UUCP (Unix-to-Unix copy) delivered mail is also forwarded to the sendmail hub via smap. Sendmail then sorts the regular SMTP mail from the UUCP delivered mail. The SMTP mail is delivered locally and the UUCP delivered mail is spooled in directories where the UUCP system can find them. Since the modems which deliver the spooled UUCP delivered mail to local recipients are on the Web server, which is on the externally-visible network, these files are transfered from the internal system to the Web server with tar and scp, a secure version of the rcp (remote copy) command.
tar (tape archive) and scp (secure copy) are used every three hours to transfer the mail automatically to the Web server. The mail is then deleted from the local workstation to avoid duplication.
By handling mail this way, only one machine, the Web server, needs to have a modem and access/exposure to the outside world, and the line doesn't need to remain open.
PPP (Point-to-Point Protocol) service allows employees remote dial-in access outside the firewall by the Web server. Users then access the internal network (and their own desktop workstations, if they wish) using ssh, a secure shell that encrypts all the data sent between the internal workstation being accessed and the Web server. Employees can also use ssh to get from their home computers to the Web server ensuring a completely secure line, or telnet if they don't have ssh on their home machines.we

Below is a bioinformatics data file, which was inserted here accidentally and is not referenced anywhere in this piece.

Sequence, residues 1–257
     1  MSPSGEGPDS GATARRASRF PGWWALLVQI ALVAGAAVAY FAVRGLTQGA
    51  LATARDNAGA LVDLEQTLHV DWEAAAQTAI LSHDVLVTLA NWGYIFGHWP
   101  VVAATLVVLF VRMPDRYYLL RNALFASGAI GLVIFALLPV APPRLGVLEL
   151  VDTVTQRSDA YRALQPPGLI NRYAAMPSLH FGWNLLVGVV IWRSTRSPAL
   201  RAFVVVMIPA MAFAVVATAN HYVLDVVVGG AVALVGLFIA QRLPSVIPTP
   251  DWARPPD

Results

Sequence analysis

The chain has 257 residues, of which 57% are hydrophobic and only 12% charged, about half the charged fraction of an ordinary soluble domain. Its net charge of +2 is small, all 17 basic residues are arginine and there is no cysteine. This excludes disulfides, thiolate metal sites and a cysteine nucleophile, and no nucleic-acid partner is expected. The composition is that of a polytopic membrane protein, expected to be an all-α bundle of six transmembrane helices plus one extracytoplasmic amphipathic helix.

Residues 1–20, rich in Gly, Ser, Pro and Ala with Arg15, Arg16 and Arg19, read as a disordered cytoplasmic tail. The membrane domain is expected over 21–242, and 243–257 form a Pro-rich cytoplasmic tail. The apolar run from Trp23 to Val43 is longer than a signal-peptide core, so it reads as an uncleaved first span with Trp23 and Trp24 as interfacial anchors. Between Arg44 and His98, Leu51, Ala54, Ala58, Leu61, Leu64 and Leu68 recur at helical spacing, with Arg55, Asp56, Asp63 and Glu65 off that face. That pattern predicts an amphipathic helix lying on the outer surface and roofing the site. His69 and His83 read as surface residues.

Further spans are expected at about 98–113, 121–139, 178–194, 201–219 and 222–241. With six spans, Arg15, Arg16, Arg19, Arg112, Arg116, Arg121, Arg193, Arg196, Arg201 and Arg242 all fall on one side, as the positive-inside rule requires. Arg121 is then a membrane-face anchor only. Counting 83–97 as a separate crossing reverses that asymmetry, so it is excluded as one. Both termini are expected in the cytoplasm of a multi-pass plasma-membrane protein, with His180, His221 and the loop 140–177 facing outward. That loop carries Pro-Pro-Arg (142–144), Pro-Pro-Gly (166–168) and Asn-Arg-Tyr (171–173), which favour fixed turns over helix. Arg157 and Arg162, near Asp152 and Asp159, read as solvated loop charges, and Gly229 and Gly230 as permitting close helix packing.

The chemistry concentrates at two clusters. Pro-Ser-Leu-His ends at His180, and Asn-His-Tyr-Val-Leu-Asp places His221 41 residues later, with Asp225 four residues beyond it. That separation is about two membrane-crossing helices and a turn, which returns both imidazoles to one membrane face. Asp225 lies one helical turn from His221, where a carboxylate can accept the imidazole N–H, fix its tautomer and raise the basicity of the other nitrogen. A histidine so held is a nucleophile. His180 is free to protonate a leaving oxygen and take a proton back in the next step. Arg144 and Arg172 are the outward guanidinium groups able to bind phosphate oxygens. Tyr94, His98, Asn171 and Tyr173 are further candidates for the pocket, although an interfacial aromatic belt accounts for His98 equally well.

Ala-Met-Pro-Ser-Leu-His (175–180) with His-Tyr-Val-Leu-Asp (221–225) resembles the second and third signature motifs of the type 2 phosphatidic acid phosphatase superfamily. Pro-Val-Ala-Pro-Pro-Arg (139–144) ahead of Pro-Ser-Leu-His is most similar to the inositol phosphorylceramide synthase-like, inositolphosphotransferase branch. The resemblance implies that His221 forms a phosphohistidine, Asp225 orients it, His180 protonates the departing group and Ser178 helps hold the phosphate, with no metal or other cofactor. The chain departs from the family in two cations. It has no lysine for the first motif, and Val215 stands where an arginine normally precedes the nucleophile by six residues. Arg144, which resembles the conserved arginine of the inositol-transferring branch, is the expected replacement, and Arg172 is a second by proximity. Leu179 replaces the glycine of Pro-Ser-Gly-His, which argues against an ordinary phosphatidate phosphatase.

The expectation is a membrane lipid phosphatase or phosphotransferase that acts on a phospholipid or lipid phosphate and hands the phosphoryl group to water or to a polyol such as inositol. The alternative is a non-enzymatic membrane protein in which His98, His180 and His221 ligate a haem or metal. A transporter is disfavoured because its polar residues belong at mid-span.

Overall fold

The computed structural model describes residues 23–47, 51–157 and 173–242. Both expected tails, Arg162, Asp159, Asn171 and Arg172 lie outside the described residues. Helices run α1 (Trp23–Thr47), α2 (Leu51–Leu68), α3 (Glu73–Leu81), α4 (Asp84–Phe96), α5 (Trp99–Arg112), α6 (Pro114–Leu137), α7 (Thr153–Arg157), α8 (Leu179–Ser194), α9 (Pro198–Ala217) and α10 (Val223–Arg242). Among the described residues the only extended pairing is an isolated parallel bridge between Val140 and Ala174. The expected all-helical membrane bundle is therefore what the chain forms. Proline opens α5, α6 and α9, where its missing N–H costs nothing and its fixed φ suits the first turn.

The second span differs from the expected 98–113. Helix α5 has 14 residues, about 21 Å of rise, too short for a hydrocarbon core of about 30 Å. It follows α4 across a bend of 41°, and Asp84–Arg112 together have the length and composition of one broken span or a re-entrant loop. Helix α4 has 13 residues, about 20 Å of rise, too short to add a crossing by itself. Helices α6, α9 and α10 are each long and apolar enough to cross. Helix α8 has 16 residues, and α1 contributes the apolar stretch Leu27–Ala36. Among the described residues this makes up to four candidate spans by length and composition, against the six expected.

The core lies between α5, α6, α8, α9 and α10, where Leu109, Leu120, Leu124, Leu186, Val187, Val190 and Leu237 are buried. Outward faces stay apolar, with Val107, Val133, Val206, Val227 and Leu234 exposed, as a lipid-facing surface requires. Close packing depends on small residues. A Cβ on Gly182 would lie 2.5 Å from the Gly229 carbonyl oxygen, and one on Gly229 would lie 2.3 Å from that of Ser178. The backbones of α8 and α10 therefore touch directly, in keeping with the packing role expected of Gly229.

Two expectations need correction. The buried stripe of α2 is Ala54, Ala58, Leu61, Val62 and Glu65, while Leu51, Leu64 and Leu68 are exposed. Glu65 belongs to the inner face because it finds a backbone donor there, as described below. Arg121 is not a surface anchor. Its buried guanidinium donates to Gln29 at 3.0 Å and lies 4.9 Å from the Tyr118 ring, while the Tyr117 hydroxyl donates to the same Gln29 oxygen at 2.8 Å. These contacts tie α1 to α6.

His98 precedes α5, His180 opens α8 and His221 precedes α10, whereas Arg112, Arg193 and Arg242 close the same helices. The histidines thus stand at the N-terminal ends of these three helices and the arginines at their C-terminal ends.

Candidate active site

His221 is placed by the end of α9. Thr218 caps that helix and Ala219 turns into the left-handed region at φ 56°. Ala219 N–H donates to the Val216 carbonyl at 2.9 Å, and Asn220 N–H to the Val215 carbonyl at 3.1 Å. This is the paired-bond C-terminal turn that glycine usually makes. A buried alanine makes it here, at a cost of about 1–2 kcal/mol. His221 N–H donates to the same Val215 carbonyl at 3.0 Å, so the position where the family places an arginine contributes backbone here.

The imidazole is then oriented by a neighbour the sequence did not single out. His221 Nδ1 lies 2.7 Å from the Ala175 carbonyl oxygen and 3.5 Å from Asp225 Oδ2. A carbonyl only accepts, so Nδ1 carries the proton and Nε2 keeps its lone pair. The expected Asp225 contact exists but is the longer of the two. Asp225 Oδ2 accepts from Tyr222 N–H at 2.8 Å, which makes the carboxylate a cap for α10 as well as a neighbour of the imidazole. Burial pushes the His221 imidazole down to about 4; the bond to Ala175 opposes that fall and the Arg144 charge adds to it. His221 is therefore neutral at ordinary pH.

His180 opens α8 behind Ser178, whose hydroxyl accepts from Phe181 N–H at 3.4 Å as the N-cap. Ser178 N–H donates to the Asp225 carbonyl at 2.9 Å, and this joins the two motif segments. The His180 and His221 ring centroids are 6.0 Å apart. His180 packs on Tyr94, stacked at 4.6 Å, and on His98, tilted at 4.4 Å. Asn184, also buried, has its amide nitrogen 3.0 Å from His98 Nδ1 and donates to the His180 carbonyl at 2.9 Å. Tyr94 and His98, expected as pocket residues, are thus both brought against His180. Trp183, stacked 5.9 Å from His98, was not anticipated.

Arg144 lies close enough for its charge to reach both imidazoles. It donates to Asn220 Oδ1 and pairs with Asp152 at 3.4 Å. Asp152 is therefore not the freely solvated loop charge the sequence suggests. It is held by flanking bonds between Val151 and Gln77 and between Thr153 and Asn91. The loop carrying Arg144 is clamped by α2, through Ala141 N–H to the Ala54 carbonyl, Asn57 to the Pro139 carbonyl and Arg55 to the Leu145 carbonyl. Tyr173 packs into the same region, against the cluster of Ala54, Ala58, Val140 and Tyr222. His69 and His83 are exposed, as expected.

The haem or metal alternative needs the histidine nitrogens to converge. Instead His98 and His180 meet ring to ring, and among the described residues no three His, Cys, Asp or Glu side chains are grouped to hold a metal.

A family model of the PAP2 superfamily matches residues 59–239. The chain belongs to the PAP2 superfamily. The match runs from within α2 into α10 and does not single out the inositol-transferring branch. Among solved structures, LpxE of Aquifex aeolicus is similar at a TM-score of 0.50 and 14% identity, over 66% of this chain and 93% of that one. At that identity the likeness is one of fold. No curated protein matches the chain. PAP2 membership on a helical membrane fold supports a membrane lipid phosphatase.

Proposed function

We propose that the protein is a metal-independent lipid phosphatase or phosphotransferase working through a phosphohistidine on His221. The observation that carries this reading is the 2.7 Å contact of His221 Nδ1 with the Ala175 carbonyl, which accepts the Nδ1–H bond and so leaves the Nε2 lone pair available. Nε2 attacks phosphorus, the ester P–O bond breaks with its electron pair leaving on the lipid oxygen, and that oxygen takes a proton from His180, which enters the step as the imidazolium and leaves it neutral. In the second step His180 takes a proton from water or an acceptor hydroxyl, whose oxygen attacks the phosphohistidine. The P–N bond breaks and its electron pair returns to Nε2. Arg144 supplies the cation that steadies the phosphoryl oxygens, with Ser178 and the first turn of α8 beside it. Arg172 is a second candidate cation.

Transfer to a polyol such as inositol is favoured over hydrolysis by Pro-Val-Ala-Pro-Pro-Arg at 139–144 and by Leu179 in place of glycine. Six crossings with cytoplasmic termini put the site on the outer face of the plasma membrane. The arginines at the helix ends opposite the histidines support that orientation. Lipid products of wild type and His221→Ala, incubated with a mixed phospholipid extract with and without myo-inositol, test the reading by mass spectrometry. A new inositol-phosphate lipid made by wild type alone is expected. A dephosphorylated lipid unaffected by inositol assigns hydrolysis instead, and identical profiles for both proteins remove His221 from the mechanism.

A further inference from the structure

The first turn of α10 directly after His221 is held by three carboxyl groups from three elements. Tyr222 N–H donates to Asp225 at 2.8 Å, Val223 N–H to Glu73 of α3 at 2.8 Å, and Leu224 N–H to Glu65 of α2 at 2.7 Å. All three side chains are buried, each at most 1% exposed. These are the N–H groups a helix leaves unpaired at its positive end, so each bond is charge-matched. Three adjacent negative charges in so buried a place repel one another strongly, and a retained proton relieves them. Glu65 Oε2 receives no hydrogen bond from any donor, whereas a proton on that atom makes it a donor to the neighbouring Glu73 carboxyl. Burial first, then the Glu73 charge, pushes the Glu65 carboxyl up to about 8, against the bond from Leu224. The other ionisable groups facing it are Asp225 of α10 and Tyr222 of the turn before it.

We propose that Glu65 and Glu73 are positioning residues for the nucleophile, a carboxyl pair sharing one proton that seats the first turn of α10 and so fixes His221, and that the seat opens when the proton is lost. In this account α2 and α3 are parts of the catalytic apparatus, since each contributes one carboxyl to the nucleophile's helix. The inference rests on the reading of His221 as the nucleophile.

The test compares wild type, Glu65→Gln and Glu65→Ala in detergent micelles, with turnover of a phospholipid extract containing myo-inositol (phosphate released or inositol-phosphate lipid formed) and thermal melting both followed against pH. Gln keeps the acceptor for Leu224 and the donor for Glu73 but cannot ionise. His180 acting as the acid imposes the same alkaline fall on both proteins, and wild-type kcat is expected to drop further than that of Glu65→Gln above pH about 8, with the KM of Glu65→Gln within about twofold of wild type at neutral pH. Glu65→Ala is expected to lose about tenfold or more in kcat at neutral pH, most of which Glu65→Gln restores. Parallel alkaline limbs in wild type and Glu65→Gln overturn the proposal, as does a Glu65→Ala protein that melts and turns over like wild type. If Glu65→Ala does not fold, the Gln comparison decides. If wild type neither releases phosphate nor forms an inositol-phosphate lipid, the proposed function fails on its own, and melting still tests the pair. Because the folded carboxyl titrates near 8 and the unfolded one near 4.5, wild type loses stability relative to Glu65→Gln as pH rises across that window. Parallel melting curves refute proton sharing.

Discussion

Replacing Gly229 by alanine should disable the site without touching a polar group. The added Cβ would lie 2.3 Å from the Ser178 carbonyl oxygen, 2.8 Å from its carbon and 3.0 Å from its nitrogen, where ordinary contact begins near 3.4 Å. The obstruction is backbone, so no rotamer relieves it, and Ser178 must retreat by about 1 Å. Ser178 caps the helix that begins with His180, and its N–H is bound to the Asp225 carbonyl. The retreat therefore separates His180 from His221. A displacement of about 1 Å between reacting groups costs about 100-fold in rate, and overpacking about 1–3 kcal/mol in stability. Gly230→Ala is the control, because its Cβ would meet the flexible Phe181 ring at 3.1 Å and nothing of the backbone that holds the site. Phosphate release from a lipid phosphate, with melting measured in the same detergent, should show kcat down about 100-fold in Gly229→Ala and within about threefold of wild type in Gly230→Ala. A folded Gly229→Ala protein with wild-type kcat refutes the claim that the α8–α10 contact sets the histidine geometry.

All the user home directories at SSC, as well as the local binaries directory, are shared via NFS (Network File System) between all workstations. With the current system, every time users want to read files in their home directory, the files must be transferred across the network to their computers. Soon we will be moving all the user directories from the office file server to each user's own workstation for the following reasons:
Transferring file across the network is much slower than transfering them from the local hard drives, making file access slower.
Also the network has a limited amount of bandwidth (amount of information it can carry at one time), and eliminating unnecessary use will speed up the network.
Practical Task Scheduling Deployment
July 20, 2016 12:00 pm CDT
One of the best things about the UNIX environment (aside from being stable and efficient) is the vast array of software tools available to help you do your job. Traditionally, a UNIX tool does only one thing, but does that one thing very well. For example, grep is very easy to use and can search vast amounts of data quickly. The find tool can find a particular file or files based on all kinds of criteria. It's pretty easy to string these tools together to build even more powerful tools, such as a tool that finds all of the .log files in the /home directory and searches each one for a particular entry. This erector-set mentality allows UNIX system administrators to seem to always have the right tool for the job.
Cron traditionally has been considered another such a tool for job scheduling, but is it enough? This webinar considers that very question. The first part builds on a previous Geek Guide, Beyond Cron, and briefly describes how to know when it might be time to consider upgrading your job scheduling infrastructure. The second part presents an actual planning and implementation framework.